CD4+ T cells, or helper T cells, are one type of lymphocyte that helps coordinate the immune response against infection and disease. The cells are crucial in achieving a regulated effective immune response to pathogens. They carry out multiple functions ranging from activation of B-lymphocytes, cytotoxic T cells, as well as nonimmune cells. Now, researchers led by the Peter Doherty Institute for Infection and Immunity (Doherty Institute) reveal unprecedented insights into CD4+T cells which show promise for immunotherapies against melanoma.

Their findings are published in Science Immunology in an article titled, “CD4+ T cell immunity against cutaneous melanoma encompasses multifaceted responses,” and reveal CD4+ T cells are effective in controlling melanoma.

University of Melbourne’s Emma Bawden, PhD, a postdoctoral researcher at the Doherty Institute and lead author of the study, said this discovery challenges the conventional understanding of the role of CD4+ T cells in cancer immunity.

For decades, CD4+ T cells have been considered as a supporting actor in the fields of cancer immunotherapy. Until recently, accumulating evidence has demonstrated the critical role of CD4+ T cells during antitumor immunity. CD4+ T cells can either suppress or promote the antitumor cytotoxic CD8+ T cell responses, either in secondary lymphoid organs or in the tumor.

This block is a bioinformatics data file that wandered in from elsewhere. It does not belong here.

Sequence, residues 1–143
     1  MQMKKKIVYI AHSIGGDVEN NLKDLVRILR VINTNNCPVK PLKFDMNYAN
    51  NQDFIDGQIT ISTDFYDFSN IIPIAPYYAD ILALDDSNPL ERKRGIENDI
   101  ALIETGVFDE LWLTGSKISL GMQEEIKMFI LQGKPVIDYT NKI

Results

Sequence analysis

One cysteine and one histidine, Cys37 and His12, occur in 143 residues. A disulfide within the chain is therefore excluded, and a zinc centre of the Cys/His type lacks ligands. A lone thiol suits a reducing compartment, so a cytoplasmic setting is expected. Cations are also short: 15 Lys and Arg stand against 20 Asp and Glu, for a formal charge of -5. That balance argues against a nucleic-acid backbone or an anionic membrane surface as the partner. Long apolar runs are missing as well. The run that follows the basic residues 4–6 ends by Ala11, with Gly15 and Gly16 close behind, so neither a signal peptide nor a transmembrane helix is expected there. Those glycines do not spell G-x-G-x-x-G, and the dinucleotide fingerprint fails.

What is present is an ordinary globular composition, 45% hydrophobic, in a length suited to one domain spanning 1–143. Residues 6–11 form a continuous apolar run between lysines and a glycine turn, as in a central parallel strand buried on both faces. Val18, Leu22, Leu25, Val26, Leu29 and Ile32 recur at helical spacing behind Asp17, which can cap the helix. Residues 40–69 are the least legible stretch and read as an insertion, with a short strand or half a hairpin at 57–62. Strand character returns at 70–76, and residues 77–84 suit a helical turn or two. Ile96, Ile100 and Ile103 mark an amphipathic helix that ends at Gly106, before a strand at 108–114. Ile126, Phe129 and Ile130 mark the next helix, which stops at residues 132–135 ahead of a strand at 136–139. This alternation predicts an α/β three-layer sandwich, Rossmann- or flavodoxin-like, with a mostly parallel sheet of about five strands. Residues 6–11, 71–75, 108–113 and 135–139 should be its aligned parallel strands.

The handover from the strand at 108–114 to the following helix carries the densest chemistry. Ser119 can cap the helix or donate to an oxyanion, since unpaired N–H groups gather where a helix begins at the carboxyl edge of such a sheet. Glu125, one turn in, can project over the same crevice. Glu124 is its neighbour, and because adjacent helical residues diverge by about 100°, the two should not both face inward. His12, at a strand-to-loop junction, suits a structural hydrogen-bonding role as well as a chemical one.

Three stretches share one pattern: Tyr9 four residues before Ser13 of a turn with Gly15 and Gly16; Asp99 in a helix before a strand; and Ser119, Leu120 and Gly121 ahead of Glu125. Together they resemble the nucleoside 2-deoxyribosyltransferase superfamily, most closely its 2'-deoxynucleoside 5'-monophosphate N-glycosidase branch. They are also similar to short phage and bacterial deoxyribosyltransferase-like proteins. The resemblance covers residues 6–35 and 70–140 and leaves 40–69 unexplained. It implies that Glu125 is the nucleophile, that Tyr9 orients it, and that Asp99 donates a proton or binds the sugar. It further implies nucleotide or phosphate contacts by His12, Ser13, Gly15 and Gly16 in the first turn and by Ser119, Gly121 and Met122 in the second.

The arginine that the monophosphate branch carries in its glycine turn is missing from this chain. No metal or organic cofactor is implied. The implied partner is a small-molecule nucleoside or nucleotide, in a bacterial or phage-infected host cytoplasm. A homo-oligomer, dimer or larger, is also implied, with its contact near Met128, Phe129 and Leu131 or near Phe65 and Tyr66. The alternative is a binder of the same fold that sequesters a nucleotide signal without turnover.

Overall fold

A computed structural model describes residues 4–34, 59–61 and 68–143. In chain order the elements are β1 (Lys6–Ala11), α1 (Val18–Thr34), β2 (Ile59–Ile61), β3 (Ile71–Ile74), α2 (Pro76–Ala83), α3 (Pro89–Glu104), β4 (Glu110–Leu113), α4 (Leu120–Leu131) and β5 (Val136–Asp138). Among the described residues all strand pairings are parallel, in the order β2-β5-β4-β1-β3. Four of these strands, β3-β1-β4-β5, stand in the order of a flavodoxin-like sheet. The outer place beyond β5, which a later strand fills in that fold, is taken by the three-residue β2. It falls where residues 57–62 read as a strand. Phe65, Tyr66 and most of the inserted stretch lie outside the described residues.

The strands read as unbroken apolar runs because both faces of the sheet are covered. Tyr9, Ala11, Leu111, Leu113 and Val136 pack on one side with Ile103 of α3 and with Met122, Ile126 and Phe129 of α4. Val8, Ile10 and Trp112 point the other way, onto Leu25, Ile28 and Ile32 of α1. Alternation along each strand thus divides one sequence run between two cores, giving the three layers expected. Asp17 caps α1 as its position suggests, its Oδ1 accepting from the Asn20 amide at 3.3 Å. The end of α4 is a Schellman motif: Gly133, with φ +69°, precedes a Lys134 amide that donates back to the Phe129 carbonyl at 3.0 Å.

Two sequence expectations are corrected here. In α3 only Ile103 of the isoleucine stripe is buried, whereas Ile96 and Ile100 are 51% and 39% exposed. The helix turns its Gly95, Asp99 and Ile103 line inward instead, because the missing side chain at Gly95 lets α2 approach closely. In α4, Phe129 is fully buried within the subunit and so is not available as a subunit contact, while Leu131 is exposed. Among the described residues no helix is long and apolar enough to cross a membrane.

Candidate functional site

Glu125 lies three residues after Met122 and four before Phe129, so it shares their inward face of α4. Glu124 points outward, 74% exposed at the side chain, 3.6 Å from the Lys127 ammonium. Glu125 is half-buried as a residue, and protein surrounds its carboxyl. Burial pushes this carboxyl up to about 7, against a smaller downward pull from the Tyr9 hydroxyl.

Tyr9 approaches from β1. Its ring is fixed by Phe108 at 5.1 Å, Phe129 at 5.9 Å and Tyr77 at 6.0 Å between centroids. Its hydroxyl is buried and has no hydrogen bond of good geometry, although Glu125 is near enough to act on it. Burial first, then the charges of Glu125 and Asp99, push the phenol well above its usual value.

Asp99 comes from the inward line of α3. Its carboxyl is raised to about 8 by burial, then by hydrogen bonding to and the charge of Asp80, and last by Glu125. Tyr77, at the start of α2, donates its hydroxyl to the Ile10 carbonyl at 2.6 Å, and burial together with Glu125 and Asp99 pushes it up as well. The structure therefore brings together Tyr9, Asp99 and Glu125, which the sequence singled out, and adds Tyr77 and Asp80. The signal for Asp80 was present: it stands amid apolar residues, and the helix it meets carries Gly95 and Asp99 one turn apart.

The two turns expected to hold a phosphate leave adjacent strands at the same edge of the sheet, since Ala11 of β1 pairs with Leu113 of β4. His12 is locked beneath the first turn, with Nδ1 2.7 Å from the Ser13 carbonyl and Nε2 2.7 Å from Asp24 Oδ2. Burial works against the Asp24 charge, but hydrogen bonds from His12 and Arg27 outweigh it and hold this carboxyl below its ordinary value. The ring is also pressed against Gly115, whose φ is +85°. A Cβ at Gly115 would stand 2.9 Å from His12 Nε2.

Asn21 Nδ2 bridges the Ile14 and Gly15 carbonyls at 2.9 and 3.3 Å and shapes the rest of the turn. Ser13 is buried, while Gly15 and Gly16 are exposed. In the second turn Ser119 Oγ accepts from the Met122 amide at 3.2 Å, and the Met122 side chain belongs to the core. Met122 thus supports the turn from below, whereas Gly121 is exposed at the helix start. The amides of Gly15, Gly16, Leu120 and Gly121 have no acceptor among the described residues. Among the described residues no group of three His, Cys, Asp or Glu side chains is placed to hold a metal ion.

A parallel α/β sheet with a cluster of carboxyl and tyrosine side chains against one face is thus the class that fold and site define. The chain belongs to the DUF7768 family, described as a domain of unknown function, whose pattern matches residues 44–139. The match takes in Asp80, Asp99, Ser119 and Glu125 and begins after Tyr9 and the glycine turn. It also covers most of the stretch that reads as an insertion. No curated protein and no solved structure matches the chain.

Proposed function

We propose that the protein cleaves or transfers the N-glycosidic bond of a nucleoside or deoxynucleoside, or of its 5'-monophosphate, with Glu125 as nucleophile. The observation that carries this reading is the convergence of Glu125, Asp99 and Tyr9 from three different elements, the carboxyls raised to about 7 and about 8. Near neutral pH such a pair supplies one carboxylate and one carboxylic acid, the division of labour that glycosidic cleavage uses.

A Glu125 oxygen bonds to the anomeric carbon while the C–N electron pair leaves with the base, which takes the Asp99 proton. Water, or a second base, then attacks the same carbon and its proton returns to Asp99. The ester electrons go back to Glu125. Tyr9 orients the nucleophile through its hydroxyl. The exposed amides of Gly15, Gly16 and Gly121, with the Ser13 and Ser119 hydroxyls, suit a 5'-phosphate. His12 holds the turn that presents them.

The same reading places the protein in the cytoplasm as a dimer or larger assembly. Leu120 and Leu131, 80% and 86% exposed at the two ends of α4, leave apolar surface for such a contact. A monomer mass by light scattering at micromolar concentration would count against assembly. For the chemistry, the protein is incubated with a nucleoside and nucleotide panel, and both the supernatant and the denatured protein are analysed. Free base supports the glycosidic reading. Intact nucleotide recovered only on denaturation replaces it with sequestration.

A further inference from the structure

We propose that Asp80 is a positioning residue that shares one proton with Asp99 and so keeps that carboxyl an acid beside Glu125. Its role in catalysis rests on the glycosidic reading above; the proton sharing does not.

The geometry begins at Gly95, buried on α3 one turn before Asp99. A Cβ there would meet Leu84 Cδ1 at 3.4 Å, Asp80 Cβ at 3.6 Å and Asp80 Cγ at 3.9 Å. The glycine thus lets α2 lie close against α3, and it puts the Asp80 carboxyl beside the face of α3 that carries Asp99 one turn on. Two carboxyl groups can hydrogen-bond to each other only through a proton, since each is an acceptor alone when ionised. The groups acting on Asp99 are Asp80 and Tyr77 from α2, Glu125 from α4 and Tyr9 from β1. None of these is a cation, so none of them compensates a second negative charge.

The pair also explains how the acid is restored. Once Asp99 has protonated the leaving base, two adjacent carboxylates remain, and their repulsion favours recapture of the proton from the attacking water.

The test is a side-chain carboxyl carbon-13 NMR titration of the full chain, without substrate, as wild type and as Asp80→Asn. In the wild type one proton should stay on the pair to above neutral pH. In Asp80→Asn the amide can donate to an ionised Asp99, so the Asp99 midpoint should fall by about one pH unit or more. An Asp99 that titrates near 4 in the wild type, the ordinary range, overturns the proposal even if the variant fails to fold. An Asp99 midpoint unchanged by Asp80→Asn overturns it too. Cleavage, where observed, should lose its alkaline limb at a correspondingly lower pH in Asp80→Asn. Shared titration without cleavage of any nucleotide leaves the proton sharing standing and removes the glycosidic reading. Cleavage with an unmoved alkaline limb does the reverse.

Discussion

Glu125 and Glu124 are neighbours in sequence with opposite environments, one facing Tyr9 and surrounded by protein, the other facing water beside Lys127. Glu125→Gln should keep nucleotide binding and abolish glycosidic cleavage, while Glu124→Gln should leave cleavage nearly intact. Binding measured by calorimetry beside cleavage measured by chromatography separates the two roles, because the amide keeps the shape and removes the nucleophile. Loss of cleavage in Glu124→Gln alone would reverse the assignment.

Melanoma treatment depends on the stage of a patient’s melanoma and their overall health. During its early stages, melanoma can be successfully treated with surgery alone. Other types of cancer treatment such as immunotherapy may be effective for more advanced stages of melanoma.

“Our in-depth study, using animal models, unravelled the complex biology of CD4+ T cells in melanoma and how they control cancer,” explained Bawden.

“Using microscopic live imaging, we visualized the activities and interactions of CD4+ T cells with other cell types in the tumor microenvironment. Our findings challenge previous assumptions by showing that CD4+ T cells can combat tumors through a multitude of pathways.”

The detailed analysis revealed the genetic makeup, developmental states, and functions of CD4+ T cells in melanoma, showing the potential of harnessing CD4+ T cells for future therapies against the skin cancer.

University of Melbourne professor Thomas Gebhardt, MD, PhD, who is also a senior research fellow at the Doherty Institute and senior author of the study, said that understanding CD4+ T cell responses could pave the way for more effective immunotherapies against melanoma.

“While CD4+ T cells are often viewed as accessory cells regulating the function of other immune cells, our work shows they can work effectively on their own. Therefore, harnessing their potential therapeutically holds great promise for the development and improvement of current cancer immunotherapies,” said Gebhardt.

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